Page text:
The issues Toyota and other car manufacturers are facing are not easing consumers' minds about high-end purchases. But this may be one of the contributing factors to the recent bump in low- and middle-cost retail purchases. In short, people still have a certain amount of disposable income, and if they're not going to buy $20,000 runaway cars, they have all the more freedom to purchase smaller personal items.

(If you're still feeling uninformed, check out last week's business highlights in Water Cooler Finance: Auto Hope, Bubbling Oil and Obamanomics.)

Related Articles
  1. Entrepreneurship

    How an Internet Sales Tax Will Affect Your Small Business

    Learn about how the Marketplace Fairness Act may impact small business owners should it pass in the House and what the act requires from business owners.
  2. Savings

    Craft Beer Clubs – Bargain or Not?

    If you're an aficionado of artisanal brews (or would like to be), a beer club can be a palate-pleasing, albeit pricey, way to expand your hops horizon.
  3. Stock Analysis

    When Will Dick's Sporting Goods Bounce Back? (DKS)

    Is DKS a bargain here?
  4. Stock Analysis

    Has Urban Outfitters Lost its Way? (URBN)

    Urban Outfitters just made a bold move. Will it pay off?
  5. Stock Analysis

    Is Walmart's Rally Sustainable? (WMT)

    Walmart is enjoying a short-term rally. Is it sustainable? Is Amazon still a better bet?
  6. Savings

    Are Wine Clubs Worth It?

    Some points to consider, before committing to a membership for yourself – or as a gift. The right club can also help you save money over the holidays.
  7. Stock Analysis

    Kohl's: Should You Stock Up or Sell? (KSS)

    Many traders are bearish on Kohl's, but long-term investors might want to take a closer look for this simple reason.
  8. Stock Analysis

    GoPro's Stock: Can it Fall Much Further? (GPRO)

    As a company that primarily sells discretionary products, GoPro and its potential falls right in line with consumer trends. Is that good or bad?
  9. Stock Analysis

    How Macy's Will Refresh its Brand

    Macy's is heading in the wrong direction, but what's the potential for a turnaround?
  10. Stock Analysis

    Nordstrom: Is it a Buy or Should You Avoid Now?

    Consumer trends are going to change over the next year or so. How will this impact Nordstrom? Will it adjust in time?
  1. Where can you buy NetSpend reload packs?

    You can only purchase NetSpend reload packs at Giant Eagle, Albertsons, Roundy's and Pathmark supermarkets. NetSpend cards ... Read Full Answer >>
  2. What does marginal utility tell us about consumer choice?

    In microeconomics, utility represents a way to relate the amount of goods consumed to the amount of happiness or satisfaction ... Read Full Answer >>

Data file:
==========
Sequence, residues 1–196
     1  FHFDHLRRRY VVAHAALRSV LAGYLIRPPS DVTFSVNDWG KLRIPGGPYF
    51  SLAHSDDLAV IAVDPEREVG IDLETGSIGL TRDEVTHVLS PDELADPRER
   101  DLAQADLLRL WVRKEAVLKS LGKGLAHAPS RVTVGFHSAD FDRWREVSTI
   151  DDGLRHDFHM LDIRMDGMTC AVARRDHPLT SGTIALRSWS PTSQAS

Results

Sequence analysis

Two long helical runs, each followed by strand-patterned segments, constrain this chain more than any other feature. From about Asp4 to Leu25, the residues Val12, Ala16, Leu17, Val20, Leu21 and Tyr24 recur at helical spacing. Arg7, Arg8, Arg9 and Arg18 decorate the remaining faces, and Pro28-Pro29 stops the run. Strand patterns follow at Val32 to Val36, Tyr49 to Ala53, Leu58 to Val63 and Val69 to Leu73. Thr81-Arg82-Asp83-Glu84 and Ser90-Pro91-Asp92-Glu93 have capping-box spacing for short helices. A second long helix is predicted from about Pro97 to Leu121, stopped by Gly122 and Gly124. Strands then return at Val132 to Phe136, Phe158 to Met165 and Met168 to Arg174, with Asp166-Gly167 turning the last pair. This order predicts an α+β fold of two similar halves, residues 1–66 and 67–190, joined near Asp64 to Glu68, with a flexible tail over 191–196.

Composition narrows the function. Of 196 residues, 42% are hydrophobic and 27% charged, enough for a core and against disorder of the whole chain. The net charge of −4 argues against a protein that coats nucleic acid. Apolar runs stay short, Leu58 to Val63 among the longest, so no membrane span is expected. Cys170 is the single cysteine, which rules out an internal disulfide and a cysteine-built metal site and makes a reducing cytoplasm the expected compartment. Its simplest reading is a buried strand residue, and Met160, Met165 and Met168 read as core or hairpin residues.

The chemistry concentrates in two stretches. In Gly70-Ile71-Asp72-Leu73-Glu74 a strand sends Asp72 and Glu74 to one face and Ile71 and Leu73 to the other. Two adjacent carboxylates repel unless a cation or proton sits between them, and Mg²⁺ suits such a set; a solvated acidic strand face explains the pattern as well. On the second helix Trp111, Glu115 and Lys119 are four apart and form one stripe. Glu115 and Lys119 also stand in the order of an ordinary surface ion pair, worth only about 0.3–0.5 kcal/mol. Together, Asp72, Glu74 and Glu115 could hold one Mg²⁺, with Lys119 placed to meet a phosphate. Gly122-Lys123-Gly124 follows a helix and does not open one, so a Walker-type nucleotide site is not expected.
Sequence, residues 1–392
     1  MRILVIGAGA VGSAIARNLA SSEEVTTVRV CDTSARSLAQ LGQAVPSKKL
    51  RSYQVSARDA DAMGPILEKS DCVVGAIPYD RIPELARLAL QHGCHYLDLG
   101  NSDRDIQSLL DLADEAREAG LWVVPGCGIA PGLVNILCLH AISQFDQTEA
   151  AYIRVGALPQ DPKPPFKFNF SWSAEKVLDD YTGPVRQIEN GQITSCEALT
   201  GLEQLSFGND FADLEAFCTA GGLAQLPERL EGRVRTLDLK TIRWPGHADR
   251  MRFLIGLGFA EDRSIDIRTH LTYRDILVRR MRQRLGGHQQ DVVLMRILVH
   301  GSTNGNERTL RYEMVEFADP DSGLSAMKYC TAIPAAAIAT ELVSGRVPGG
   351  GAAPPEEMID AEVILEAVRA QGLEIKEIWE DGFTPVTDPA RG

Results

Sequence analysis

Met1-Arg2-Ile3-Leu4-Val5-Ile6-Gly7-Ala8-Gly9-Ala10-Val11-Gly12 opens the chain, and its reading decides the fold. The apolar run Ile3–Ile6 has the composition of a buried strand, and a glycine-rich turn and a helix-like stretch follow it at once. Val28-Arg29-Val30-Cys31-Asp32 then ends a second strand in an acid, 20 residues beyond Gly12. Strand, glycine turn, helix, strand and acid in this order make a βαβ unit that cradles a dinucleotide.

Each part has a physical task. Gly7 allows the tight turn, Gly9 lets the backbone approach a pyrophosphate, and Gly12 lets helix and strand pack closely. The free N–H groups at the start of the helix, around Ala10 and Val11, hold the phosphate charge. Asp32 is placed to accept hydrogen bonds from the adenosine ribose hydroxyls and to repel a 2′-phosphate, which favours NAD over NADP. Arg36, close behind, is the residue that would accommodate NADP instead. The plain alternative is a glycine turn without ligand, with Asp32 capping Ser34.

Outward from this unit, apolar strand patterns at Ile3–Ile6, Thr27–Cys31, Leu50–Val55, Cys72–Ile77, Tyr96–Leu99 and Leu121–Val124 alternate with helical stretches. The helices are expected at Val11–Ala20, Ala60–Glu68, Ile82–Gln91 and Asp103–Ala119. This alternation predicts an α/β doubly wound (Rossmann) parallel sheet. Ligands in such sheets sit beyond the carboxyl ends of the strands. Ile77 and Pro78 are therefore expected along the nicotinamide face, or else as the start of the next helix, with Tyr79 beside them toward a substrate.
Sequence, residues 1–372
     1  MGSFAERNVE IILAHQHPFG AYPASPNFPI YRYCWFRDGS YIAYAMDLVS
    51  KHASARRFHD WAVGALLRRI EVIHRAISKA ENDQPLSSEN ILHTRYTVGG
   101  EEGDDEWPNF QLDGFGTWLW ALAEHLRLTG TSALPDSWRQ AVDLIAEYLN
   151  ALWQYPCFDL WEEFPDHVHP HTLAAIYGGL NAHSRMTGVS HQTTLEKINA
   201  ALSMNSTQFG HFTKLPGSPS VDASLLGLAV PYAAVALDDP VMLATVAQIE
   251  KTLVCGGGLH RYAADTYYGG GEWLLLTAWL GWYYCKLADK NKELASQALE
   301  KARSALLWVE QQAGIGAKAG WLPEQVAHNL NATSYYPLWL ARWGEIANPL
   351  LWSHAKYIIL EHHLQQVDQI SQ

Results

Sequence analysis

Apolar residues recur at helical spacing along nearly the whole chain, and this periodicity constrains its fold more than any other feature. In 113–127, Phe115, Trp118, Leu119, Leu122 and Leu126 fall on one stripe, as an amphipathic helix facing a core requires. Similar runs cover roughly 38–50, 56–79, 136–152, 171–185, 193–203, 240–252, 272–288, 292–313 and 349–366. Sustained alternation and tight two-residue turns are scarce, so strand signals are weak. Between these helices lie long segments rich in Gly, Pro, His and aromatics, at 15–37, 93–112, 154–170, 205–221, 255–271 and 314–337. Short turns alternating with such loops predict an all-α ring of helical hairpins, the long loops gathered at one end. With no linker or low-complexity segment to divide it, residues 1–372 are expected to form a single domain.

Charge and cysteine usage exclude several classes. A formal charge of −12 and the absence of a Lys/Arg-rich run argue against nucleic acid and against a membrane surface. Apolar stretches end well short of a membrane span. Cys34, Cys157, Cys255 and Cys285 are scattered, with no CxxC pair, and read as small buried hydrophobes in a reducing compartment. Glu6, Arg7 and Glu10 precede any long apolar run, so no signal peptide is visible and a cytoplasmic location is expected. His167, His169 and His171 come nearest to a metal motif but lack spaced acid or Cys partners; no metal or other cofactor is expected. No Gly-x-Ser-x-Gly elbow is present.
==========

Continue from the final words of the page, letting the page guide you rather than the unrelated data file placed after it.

3. What are some common ways product differentiation is achieved?

    There are many ways to achieve product differentiation, some more common than others. Horizontal Differentiation Horizontal ... Read Full Answer >>
  4. What role does the OEM (original equipment manufacturer) play in the finished product?

    Original equipment manufacturers (OEMs) do not typically play much of direct role in determining the finished product. However, ... Read Full Answer >>
  5. What is the difference between an OEM (original equipment manufacturer) and a VAR ...

    An original equipment manufacturer (OEM) is a company that manufactures a basic product or a component product, such as a ... Read Full Answer >>
  6. Is the retail sector also affected by seasonal factors?

    Generally speaking, the retail sector is highly seasonal. Almost invariably, sales in the retail sector are highest in the ... Read Full Answer >>

You May Also Like

Hot Definitions
  1. Take A Bath

    A slang term referring to the situation of an investor who has experienced a large loss from an investment or speculative ...
  2. Black Friday

    1. A day of stock market catastrophe. Originally, September 24, 1869, was deemed Black Friday. The crash was sparked by gold ...
  3. Turkey

    Slang for an investment that yields disappointing results or turns out worse than expected. Failed business deals, securities ...
  4. Barefoot Pilgrim

    A slang term for an unsophisticated investor who loses all of his or her wealth by trading equities in the stock market. ...
  5. Quick Ratio

    The quick ratio is an indicator of a company’s short-term liquidity. The quick ratio measures a company’s ability to meet ...
  6. Black Tuesday

    October 29, 1929, when the DJIA fell 12% - one of the largest one-day drops in stock market history. More than 16 million ...
Trading Center